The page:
Sunday, November 11, 2018

A Military Heart

A military heart is unique, it must be true,
The blood that pulses deep within is red, white, and blue
Its love is like a fire that grows when it is shared,
For complete and total strangers, they have truly cared.
All heroes past and present, at war and at peace,
My admiration for you all will never ever cease.
Veterans who went by choice or those who had been drafted,
I feel that God took extra care with certain hearts He crafted.
He had to make them strong and brave, but tender all the same,
He knit them in their mother’s womb and knew them each by name.
It would take a special heart to leave loved ones behind,
To kiss and hug good-bye with Old Glory on their mind.
The countless sacrifice they made for freedoms we enjoy,
For every man, every woman, every girl, and every boy.
For those who have such passion for our great U.S. of A,
Who’ll stand for life and liberty, so we can speak and pray.
If you see a warrior, please give them all our love,
For the heart that beats within them is a gift from God above.
We’re thankful, oh so thankful, for that heart we have admired,
For giving so unselfishly, although it may be tired.
We’d never know of its fatigue - it’s hidden way inside,
For that heart is full of love, as deep as it is wide.
On Veterans Day and all the days that come before and after,
We thank you for allowing us a life of hope and laughter.
To wake each day knowing what you must have seen and heard,
It’s hard to find the thoughts to share - there isn’t just one word.
What can we say? What should we say?
A debt we just cannot repay.
I think I’ll just say thank you from the bottom of my heart,
I’ll pray for you - thank God for you. That’s certainly a start.
I’ll do my best to wake each day full of gratitude,
I’ll make a daily effort with a thankful attitude.
I’ll live to nurture peace – I’ll try to do my part,
And I’ll thank the Lord everyday…for your military heart.

Heather Spears Kallus

God Speaks

There are two ways, and both are hard to travel.
There is the way of the river, but there is also the way of the bridge that I have built to cross that river.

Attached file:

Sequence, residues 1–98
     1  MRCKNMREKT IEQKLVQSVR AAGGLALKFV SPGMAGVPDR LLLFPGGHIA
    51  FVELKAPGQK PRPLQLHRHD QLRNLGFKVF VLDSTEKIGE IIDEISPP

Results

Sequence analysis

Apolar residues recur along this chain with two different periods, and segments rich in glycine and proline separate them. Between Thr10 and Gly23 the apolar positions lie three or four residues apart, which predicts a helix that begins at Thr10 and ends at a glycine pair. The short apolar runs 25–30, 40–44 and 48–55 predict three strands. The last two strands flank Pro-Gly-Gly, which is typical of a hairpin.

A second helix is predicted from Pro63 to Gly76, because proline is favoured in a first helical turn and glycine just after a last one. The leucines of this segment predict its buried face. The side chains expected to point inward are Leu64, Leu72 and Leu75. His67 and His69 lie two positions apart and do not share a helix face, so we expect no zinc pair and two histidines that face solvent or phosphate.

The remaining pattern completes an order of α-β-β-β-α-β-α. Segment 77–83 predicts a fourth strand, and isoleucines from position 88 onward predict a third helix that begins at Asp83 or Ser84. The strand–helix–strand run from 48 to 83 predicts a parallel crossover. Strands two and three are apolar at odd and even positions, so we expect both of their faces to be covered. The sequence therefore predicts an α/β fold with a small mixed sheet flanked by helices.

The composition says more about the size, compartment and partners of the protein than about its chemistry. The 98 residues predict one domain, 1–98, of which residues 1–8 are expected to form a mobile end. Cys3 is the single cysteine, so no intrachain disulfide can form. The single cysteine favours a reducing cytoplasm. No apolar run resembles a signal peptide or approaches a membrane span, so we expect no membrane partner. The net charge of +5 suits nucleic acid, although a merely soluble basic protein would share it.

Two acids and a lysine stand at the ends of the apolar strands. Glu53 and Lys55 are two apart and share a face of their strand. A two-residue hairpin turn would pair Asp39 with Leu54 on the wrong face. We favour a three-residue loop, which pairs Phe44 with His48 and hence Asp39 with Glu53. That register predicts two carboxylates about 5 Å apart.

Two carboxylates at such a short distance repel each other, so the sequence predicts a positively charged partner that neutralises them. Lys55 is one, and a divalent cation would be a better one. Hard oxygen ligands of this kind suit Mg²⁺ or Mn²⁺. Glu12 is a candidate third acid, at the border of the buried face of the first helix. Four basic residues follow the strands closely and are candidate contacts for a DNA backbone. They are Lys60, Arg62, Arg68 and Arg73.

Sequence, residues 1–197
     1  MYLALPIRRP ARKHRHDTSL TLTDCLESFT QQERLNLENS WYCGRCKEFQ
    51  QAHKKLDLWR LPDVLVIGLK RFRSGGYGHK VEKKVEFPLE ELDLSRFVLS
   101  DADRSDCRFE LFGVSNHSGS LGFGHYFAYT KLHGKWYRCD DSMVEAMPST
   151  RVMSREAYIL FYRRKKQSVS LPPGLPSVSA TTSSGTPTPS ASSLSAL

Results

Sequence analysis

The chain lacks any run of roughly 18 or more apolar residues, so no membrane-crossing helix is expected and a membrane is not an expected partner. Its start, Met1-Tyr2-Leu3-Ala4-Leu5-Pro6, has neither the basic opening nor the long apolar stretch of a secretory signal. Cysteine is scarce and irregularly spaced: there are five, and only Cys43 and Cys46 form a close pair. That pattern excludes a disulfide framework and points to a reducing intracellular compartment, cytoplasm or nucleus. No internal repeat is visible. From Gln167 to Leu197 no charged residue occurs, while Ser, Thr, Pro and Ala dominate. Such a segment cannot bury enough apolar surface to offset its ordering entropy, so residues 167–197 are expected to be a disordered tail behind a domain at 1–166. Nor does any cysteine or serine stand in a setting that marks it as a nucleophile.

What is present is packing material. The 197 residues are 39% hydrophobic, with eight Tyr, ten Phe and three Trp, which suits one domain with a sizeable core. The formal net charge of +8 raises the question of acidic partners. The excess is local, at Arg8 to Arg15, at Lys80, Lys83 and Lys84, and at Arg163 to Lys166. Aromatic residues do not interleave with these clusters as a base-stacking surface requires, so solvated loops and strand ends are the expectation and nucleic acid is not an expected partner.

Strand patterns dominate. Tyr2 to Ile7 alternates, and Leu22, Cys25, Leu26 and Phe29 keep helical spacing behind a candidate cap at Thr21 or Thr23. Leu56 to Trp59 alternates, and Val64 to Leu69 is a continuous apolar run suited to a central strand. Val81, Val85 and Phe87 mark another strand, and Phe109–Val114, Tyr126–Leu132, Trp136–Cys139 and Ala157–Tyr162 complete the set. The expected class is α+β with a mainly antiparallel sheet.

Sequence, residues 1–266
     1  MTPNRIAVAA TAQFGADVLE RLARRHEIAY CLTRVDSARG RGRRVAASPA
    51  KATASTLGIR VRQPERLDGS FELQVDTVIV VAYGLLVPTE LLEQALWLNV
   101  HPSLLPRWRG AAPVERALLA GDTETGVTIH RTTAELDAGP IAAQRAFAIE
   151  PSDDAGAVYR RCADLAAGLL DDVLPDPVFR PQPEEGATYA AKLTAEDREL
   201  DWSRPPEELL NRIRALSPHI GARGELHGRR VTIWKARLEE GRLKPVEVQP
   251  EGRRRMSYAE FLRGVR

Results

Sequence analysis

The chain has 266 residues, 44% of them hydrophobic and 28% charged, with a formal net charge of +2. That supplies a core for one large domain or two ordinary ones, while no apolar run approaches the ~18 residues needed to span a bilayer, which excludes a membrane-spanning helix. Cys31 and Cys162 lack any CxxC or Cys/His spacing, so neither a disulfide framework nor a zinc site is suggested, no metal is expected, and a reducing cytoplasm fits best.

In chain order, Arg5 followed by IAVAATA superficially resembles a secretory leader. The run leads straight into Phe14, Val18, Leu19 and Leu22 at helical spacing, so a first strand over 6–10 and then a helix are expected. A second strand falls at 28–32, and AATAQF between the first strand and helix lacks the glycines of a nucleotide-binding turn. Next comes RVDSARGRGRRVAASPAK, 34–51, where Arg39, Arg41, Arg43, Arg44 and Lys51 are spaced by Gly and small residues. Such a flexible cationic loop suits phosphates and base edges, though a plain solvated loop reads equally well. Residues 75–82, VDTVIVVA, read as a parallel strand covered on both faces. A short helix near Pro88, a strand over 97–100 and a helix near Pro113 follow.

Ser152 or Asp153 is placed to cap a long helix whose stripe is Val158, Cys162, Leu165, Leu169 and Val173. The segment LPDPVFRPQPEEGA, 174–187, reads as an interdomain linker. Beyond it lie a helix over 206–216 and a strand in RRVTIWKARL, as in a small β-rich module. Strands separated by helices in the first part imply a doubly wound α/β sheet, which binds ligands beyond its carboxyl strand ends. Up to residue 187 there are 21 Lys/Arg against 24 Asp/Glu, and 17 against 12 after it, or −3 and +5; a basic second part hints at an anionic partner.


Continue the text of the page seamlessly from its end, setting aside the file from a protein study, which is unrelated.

How strange it is that so many still prefer to walk through the water,
even though I have built a bridge for them, a bridge that offers delight,
where all that is bitter becomes sweet, and every burden light.

Those who cross the waters of life by taking the way of the bridge
see light even though they are still in the darkness of their body.
Though mortal, they taste immortality,
Though weary, they receive the refreshment they need
when they need it, in my name.

There are no words adequate to describe
the delight experienced by those who choose the way of the bridge.
While still in this life they taste and participate
in that good which has been prepared for them in the next.

You would be a fool, indeed, to reject such a great good
and choose instead to walk by the lower road
with its great toil, and without refreshment or advantage.

From: Set Aside Every Fear – love and trust in the
Spirituality of Catherine of Siena.
By John Kirvan

Saturday, November 10, 2018

Feast Day of St. Leo the Great

With apparent strong conviction of the importance of the Bishop of Rome in the Church, and of the Church as the ongoing sign of Christ’s presence in the world, Leo the Great displayed endless dedication as pope. Elected in 440, he worked tirelessly as "Peter’s successor," guiding his fellow bishops as "equals in the episcopacy and infirmities."

Leo is known as one of the best administrative popes of the ancient Church. His work branched into four main areas, indicative of his notion of the pope’s total responsibility for the flock of Christ. He worked at length to control the heresies of Pelagianism, Manichaeism and others, placing demands on their followers so as to secure true Christian beliefs. A second major area of his concern was doctrinal controversy in the Church in the East, to which he responded with a classic letter setting down the Church’s teaching on the two natures of Christ. With strong faith, he also led the defense of Rome against barbarian attack, taking the role of peacemaker.

In these three areas, Leo’s work has been highly regarded. His growth to sainthood has its basis in the spiritual depth with which he approached the pastoral care of his people, which was the fourth focus of his work. He is known for his spiritually profound sermons. An instrument of the call to holiness, well-versed in Scripture and ecclesiastical awareness, Leo had the ability to reach the everyday needs and interests of his people. One of his sermons is used in the Office of Readings on Christmas.

It is said of Leo that his true significance rests in his doctrinal insistence on the mysteries of Christ and the Church and in the supernatural charisms of the spiritual life given to humanity in Christ and in his Body, the Church. Thus Leo held firmly that everything he did and said as pope for the administration of the Church represented Christ, the head of the Mystical Body, and St. Peter, in whose place Leo acted.

At a time when there is widespread criticism of Church structures, we also hear criticism that bishops and priests—indeed, all of us—are too preoccupied with administration of temporal matters. Pope Leo is an example of a great administrator who used his talents in areas where spirit and structure are inseparably combined: doctrine, peace and pastoral care. He avoided an "angelism" that tries to live without the body, as well as the "practicality" that deals only in externals.